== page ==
Clowns and jokers are intended to amuse but some of us find them scary, especially when they pop up in the wrong place as happened on Thursday this week.
Boris Johnson may appear clownish, but he isn’t stupid. Reckless, yes, but stupid, no, not when it comes to protecting the class interests he represents. In a series of statements and actions, including his appointments to the cabinet, his intention to do so was crystal clear:
- Money for the NHS and schools? We cannot afford it. Tax cuts for the rich? No problem!
- Humanitrian relief for refugees? Too expensive. Military adventures to protect oil reserves? No problem!
- Social security instead of food banks? It would encourage laziness. Printing money to keep bankers’ bonuses flowing? No problem!
But perhaps the most chilling policy statement from our new Prime Minister came in his answer to a question from Anneliese Dodds MP in his first Prime Minister’s Question Time. Asked why he had said so little about global warming, he replied:
The Conservatives are the only party that believes that private sector driven new technology can provide a solution to the problem.
This astounding answer deserves unpicking. Why do Tories alone believe a technological fix will be discovered? Belief (for some) is a wonderful thing, but communists prefer scientific analysis and evidence and they indicate that no such technological fix is possible, at least not one that would result in a stable climate. Of course, it is possible to believe in anything -fairies with magical remedies for example – but even Tories are not that self-deluded. Some further unpicking is called for.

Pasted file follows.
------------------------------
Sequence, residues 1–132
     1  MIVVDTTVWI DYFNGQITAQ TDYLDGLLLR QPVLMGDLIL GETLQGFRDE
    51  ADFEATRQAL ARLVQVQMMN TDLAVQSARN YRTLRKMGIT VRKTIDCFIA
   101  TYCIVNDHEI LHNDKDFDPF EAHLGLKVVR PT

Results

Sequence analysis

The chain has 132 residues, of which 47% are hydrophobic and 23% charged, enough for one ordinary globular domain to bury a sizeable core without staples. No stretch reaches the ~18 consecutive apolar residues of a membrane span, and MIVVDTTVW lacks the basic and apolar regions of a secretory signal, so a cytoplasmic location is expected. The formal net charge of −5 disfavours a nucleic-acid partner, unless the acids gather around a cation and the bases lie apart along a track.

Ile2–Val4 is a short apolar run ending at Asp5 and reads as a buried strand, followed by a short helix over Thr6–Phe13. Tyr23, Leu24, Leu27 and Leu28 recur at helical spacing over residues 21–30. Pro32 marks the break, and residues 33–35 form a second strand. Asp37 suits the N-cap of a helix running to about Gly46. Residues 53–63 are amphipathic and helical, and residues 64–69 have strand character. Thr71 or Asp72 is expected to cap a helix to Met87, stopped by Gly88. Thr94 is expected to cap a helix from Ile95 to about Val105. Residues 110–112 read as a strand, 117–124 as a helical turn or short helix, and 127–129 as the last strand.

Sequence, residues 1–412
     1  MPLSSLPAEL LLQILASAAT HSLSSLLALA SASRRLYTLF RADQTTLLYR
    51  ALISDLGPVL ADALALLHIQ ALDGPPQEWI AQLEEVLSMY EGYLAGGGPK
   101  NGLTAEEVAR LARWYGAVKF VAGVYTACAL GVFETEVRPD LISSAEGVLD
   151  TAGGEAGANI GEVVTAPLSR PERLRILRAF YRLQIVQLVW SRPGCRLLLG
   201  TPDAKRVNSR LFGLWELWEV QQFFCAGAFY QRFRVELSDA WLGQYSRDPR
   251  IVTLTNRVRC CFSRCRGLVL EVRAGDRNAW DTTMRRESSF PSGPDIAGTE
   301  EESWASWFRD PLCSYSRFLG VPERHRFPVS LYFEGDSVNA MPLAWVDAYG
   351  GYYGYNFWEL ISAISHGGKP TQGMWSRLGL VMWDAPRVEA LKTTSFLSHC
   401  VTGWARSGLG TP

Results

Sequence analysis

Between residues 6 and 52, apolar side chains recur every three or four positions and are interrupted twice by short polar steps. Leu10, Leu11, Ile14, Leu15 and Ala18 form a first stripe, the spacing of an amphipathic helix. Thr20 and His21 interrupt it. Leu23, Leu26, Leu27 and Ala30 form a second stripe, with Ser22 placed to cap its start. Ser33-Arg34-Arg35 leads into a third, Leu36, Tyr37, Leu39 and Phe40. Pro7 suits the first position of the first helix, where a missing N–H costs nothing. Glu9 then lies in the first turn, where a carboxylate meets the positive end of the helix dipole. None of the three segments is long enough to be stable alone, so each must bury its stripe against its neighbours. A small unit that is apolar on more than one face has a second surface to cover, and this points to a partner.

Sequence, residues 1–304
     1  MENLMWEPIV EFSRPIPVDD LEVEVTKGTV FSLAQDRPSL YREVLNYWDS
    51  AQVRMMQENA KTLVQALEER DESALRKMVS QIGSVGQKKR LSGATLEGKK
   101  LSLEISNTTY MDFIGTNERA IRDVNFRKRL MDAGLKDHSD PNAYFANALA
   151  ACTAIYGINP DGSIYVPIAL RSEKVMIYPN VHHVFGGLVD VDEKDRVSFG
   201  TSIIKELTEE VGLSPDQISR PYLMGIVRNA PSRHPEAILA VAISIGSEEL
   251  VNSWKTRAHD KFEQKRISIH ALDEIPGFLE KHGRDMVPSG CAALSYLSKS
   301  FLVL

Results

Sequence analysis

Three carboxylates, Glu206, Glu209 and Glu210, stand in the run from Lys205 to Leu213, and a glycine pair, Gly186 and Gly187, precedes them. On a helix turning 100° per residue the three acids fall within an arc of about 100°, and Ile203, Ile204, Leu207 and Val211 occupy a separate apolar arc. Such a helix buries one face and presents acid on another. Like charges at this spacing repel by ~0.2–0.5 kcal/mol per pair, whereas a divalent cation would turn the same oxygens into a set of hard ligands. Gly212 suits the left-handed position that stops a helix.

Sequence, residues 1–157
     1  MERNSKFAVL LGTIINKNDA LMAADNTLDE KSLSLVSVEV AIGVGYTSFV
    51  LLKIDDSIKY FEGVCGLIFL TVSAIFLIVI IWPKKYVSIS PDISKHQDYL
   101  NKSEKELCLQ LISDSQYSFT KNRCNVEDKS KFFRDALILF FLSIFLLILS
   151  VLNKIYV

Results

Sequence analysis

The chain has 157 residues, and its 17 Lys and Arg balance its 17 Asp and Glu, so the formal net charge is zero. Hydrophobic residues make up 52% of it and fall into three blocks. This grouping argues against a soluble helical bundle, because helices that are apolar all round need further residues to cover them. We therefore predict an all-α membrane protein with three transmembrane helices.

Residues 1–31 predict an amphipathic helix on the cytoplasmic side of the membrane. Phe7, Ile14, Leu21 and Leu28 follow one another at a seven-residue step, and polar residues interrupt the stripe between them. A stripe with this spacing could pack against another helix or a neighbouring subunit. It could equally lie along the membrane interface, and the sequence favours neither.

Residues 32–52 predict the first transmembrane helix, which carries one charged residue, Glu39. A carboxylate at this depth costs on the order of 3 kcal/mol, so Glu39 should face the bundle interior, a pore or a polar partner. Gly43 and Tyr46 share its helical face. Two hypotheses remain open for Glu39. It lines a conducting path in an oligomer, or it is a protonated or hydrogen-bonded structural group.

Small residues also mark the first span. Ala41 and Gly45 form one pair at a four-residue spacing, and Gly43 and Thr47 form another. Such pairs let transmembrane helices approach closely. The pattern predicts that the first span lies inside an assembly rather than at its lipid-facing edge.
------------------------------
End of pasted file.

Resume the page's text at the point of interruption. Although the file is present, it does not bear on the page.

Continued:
The emphasis on the private sector to find and implement the imagined technological fix assumes that markets can be relied on to do this. Markets are great for meeting the immediate, inessential needs of consumers but they cannot distinguish between immediate, containable costs in the medium term and catastrophic cost in the more distant and less certain future. Are Tories really willing to leave global warming to a mechanism with such a serious defect to address global warming?
These extraordinary beliefs might better be explained by examining the nature of the ‘solution’ they seek. Could this be not global temperature containment but rather the survival of the 1% (0.1%?) on a mountain top (not necessarily metaphorically speaking) and the extinction of the rest of us? Such a solution might not be so implausible in a world in which automation and robotisation rendered most of the 8 billion world population redundant. In other words, could the solution be a ‘final solution’ in name and deed?
So don’t be amused and distracted by the grease-paint. Clowns and jokers can be really scary.
 By way of example, markets reflecting a risk adjusted discount rate of 10%markets, cannot distinguish between a cost of £1 million incurred in eighty years from now, when someone born today might expect to still be alive, and one of £480 incurred today.